TD Bank sued for $5,5bn in Ponzi scheme scandal

Photo: EPA Allen Stanford

Toronto-Dominion Bank will have to stand trial and face charges linked to the bank’s ignorant behavior which resulted in billions of dollars damages amid the operations of a Ponzi scheme set by the Texas financier Robert Stanford, Reuters reported.

The liquidators of the collapsed Antigua Stanford International Bank (SIB bank have pressed charges amounting at 5,5 billion dollars against the Toronto bank. The allegations point “negligence and knowing assistance” by TD, Canada’s second-biggest lender, in allowing SIB to maintain correspondent accounts, according to a statement filed with the Ontario Superior Court.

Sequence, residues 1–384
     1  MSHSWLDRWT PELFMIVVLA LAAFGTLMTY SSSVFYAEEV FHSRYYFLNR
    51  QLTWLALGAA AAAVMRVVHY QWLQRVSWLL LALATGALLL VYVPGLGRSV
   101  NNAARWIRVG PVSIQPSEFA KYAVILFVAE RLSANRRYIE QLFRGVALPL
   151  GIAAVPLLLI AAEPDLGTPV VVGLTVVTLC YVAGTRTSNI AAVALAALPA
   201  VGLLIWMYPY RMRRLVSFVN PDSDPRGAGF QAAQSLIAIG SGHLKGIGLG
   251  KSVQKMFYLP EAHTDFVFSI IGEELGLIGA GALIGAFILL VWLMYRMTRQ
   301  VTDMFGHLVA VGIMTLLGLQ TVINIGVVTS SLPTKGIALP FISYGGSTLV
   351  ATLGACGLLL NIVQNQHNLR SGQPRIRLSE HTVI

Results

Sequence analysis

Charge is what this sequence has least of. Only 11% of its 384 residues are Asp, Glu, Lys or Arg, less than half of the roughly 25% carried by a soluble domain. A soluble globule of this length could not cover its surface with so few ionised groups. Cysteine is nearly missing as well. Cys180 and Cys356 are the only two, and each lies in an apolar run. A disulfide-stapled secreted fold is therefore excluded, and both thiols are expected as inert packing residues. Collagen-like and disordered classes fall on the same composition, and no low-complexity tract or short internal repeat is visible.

Correspondent banking is the business of providing services to offshore financial institutions. The joint liquidators are Grant Thornton in the British Virgin Islands and the Cayman Islands. The trial is scheduled to last three months, a spokesman for one of the plaintiffs’ lawyers said. Stanford is serving a 110-year prison term after being convicted in 2012 of running a $7.2 billion Ponzi scheme. “Like everyone else, during the time that Stanford International Bank was a customer of TD, we had no knowledge of, and no reason to suspect, any fraudulent activity was taking place,” a TD spokesman said. “TD is not responsible for the fraud committed by Allen Stanford.” TD estimated reasonably possible losses from legal and regulatory actions including the Stanford litigation of between zero and $750 million.

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